“My highlight of the Costa Rica trip was working with the kids. It brought the team closer together in multiple ways,” says defender Ryan Garvey of Sacramento, who begins work in January in technology sales with Dell and is on schedule to complete his MSBA degree at Dominican next August.

Dominican’s trip also included three nights in the city of San Jose, two nights in the rainforest area near the Arenal volcano and La Fortuna, and three nights in the Tamarindo beach area.  The Penguins took a group sightseeing tours through historic San Jose and its national stadium, visited natural hot springs heated by the volcano, hiked to a beautiful waterfall in La Fortuna, and participated in a canopy zip line tour, as well.

“They proudly represented Dominican by participating in games with other universities, providing service at local schools and interacting with people throughout the country,” said Dominican Associate Athletic Director Spencer Shamo. “Our students were proud to wear our logo on their chest and show the world what the Dominican Experience represents.”

Most of the Penguins players on the trip are students in the Barowsky School of Business. They found the visit to Costa Rica inspiring from a business perspective.

“As far as my ability to apply my experience to my degree in business, there are a few things,” Ryan says. “I was able to see how a different country focuses on different things in terms of their businesses. Costa Rica is very different in the business world than the U.S. My prior studies in business allowed me to have a deeper understanding and perspective into how Costa Rica brings business to their citizens.”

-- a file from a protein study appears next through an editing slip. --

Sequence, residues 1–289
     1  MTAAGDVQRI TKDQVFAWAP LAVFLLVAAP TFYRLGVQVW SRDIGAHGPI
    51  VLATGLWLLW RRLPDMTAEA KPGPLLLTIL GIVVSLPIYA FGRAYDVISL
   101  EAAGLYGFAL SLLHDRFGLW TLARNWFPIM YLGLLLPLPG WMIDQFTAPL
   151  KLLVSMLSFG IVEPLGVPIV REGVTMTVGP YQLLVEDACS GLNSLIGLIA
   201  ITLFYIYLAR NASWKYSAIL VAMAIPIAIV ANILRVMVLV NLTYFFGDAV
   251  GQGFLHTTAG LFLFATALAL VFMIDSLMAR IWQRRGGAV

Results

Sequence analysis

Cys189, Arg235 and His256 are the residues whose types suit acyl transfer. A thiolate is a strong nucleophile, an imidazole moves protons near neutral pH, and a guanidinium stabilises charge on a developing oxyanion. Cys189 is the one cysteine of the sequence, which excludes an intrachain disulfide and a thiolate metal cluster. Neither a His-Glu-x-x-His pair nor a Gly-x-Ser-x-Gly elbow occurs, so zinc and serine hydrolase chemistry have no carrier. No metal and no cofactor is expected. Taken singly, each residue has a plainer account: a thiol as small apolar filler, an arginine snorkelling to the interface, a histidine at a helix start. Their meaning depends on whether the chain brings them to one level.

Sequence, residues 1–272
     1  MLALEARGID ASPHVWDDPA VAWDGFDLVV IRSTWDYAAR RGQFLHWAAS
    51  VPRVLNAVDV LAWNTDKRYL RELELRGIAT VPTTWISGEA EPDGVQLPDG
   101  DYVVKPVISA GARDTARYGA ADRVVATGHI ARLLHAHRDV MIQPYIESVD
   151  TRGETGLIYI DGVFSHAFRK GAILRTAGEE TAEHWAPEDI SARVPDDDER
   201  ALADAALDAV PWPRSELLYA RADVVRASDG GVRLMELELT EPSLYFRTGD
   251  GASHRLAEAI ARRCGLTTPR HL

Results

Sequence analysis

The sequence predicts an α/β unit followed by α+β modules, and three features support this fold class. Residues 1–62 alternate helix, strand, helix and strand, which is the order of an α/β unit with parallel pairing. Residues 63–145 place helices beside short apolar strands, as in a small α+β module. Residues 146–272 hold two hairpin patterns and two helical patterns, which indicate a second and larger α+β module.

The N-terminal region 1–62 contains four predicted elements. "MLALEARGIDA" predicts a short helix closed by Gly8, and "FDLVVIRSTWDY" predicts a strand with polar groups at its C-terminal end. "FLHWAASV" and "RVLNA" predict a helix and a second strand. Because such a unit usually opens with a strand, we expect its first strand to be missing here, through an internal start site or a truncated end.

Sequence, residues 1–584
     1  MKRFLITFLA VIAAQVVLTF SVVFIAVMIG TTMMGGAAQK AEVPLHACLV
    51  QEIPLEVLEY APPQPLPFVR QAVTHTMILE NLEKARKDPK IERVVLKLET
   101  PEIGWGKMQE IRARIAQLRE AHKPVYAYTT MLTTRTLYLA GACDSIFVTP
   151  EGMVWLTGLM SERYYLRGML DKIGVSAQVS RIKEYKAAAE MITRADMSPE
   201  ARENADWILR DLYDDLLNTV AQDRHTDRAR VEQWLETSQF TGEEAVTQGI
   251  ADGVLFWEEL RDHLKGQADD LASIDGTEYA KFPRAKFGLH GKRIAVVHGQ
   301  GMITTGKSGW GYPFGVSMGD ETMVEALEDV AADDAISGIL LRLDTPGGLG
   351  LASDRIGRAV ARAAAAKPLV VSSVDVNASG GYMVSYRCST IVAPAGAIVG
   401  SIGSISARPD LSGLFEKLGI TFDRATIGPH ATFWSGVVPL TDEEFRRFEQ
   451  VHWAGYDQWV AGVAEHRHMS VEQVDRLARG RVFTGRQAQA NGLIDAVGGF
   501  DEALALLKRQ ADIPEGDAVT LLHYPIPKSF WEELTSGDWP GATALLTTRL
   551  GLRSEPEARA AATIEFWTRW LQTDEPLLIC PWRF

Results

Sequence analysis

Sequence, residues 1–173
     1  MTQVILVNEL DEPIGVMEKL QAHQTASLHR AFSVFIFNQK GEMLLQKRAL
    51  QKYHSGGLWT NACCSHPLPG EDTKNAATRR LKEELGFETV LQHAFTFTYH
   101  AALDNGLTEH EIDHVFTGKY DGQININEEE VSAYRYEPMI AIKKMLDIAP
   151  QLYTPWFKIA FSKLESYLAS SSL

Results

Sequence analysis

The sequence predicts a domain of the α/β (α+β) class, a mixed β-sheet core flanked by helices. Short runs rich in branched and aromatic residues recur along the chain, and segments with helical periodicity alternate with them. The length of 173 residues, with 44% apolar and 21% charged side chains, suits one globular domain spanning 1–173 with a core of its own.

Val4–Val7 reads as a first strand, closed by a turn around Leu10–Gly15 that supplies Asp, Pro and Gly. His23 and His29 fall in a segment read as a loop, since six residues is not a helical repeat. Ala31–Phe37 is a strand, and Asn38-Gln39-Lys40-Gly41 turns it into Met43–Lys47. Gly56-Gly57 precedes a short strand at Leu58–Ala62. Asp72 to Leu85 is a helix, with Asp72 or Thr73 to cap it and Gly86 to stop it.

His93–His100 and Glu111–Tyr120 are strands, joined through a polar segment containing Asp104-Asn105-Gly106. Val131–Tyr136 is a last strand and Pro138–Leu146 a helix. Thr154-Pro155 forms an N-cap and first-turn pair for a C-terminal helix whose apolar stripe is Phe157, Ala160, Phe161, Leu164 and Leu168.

Elias, who after this season will begin work in a technology sales position at a cyber security company (Verkada) in San Mateo, was so moved by the experience that he would someday like to create and manage a sports academy for underserved communities.

“A dream job is to give back to people who love a sport so much but don’t have the financial resources to do it,” he says.

The goal of Costa Rica trip for the Penguins was to bond as a team. The reality is the experience was less about soccer and more about life’s experiences.

 “I learned and gained a lot from the experience in Costa Rica,” Ryan says. “I learned about their culture as it was my first time out of the country and got to see what a beautiful place it is. I learned more about my teammates and coaches which brought us all closer together. Lastly, I learned what extensive quality time can do for a team’s chemistry going into a season.”

To a man, however, the Costa Rica trip was something that the Penguins will never forget or duplicate.

“I don’t know if anyone will go on a trip to a foreign country with 34 soccer players ever again,” Elias says. “We have a bunch of guys on this team with different cultural backgrounds and it was cool to see us integrate Costa Rica’s culture into our lives for 9 days. To see these kids and think they could be just like us someday. They just need support and opportunity.”